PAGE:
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Re: Exploring new vocabularies for HTML

From: James Graham <jg307@cam.ac.uk>
Date: Mon, 31 Mar 2008 11:52:48 +0100
Message-ID: <47F0C280.4050401@cam.ac.uk>
To: David Carlisle <davidc@nag.co.uk>
CC: public-html@w3.org, www-math@w3.org

David Carlisle wrote:
>> I'm really uncertain why you think that running an HTML parser to 
>> construct an in-memory representation of the HTML in the same in memory 
>> format as that used for XML is the wrong way to import HTML content into 
>> an application that currently imports only XML.
> 
> The concern is importing mathml content.

If it's MathML-in-text/html, you will need a HTML 5 parser. If the product 
doesn't have one built in you could use a html-XHTML converter based on a HTML5 
parser and XML serializer, as Henri previously pointed out.

>> <wikimath>
> as I said before I have no objection to wiki syntax (I think it's a
> good thing) but I think it should be restricted to wikis.
> 
> Not everyone needs mathml, if you are just going to write x^2 + 1 in
> html you can now and may in the future, just go
> x<sup>2</sup> + 1

How does that address my concern about the difficulties of authoring a treatise 
on, say, the Maxwell equations in a text editor. As a point of comparison for 
those unfamiliar with just how verbose MathML is, I tried using Itex2MML to 
convert a TeX representation of one of these equations (in integral form) to 
MathML. The result may not be entirely idiomatic MathML but it gives an idea of 
the complexity:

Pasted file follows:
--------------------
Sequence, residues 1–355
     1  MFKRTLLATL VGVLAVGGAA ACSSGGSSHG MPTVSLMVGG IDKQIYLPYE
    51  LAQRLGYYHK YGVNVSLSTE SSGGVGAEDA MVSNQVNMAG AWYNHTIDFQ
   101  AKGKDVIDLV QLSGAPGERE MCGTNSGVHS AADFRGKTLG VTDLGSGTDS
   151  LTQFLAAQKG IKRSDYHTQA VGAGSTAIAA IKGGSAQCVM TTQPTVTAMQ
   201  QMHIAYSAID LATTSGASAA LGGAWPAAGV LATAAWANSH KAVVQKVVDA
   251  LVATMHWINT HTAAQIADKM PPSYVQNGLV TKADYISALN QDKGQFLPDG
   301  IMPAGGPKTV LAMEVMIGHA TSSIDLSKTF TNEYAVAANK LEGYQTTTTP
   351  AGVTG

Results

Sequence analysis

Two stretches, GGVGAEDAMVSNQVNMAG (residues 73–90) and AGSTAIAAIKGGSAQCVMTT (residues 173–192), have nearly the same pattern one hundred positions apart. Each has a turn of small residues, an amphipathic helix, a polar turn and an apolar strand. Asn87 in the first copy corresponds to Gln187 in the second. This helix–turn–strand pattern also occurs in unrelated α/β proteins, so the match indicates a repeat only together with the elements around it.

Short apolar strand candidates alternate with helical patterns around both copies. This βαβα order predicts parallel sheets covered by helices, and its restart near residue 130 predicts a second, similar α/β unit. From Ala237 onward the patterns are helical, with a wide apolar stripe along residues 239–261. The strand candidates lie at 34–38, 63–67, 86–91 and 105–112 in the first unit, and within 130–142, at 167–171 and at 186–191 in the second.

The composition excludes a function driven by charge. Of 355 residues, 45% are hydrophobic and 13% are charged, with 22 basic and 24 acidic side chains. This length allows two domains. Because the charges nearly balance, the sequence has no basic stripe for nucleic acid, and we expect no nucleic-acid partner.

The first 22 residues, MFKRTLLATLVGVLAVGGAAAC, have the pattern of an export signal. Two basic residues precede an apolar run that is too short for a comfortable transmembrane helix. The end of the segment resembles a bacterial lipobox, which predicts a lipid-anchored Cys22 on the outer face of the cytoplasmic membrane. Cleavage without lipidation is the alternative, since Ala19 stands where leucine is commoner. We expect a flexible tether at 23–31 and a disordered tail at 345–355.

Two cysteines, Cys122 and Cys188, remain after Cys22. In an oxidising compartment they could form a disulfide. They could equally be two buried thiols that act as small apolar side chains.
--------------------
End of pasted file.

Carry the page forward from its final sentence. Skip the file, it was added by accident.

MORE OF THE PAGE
The IteX:

\[ \oint_\text{loop} \mathbf{H} \cdot {d\mathbf{l}} = I_\text{free} + 
\int_\text{surface} \frac{\partial \mathbf{D}}{\partial t} \cdot d\mathbf{s} \]

The equivalent MathML:

<math xmlns='http://www.w3.org/1998/Math/MathML' display='block'>
   <msub>
     <mo>&conint;</mo>
     <mtext>loop</mtext>
   </msub>
   <mstyle fontweight="bold">
      <mrow>
        <mi>H</mi>
      </mrow>
   </mstyle>
   <mo>&sdot;</mo>
   <mrow>
       <mi>d</mi>
     <mstyle fontweight="bold">
        <mrow>
           <mi>l</mi>
        </mrow>
     </mstyle>
   </mrow>
   <mo>=</mo>
   <msub>
     <mi>I</mi>
     <mrow>
       <mtext>free</mtext>
     </mrow>
   </msub>
   <mo>+</mo>
   <msub>
     <mo>&Integral;</mo>
     <mtext>surface</mtext>
   </msub>
   <mfrac>
     <mrow>
        <mo>&PartialD;</mo>
        <mstyle fontweight="bold">
          <mrow>
            <mi>D</mi>
          </mrow>
        </mstyle>
     </mrow>
     <mrow>
       <mo>&PartialD;</mo>
       <mi>t</mi>
     </mrow>
   </mfrac>
   <mo>&sdot;</mo>
   <mi>d</mi>
   <mstyle fontweight="bold">
     <mrow>
       <mi>s</mi>
     </mrow></mstyle>
</math>


> But to simultaneously try to introduce the benefits of using a common
> mathematical markup language, and to remove the necessity of using any
> markup at all just seems completely broken to me.

As far as I can tell, the net effect of using a markup language for serialising 
maths is negative, since it adds an unmanageable amount of verbosity. There are 
certainly advantages to the in memory representation being tree-like but that 
can be achieved without sacrificing any notion of a human-readable source.

-- 
"Eternity's a terrible thought. I mean, where's it all going to end?"
  -- Tom Stoppard, Rosencrantz and Guildenstern are Dead
Received on Monday, 31 March 2008 10:54:08 GMT

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